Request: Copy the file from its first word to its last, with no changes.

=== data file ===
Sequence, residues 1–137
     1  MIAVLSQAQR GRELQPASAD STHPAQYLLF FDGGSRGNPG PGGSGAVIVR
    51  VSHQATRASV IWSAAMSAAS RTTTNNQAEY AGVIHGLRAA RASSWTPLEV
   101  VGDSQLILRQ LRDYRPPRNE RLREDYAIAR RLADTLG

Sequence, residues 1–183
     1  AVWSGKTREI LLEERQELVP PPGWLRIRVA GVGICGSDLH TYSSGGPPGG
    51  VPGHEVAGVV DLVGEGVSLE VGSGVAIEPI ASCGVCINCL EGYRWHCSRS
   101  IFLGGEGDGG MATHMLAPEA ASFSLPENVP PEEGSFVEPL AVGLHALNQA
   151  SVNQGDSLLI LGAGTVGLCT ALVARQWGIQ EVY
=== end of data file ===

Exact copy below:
Sequence, residues 1–137
     1  MIAVLSQAQR GRELQPASAD STHPAQYLLF FDGGSRGNPG PGGSGAVIVR
    51  VSHQATRASV IWSAAMSAAS RTTTNNQAEY AGVIHGLRAA RASSWTPLEV
   101  VGDSQLILRQ LRDYRPPRNE RLREDYAIAR RLADTLG

Sequence, residues 1–183
     1  AVWSGKTREI LLEERQELVP PPGWLRIRVA GVGICGSDLH TYSSGGPPGG
    51  VPGHEVAGVV DLVGEGVSLE VGSGVAIEPI ASCGVCINCL EGYRWHCSRS
   101  IFLGGEGDGG MATHMLAPEA ASFSLPENVP PEEGSFVEPL AVGLHALNQA
   151  SVNQGDSLLI LGAGTVGLCT ALVARQWGIQ EVY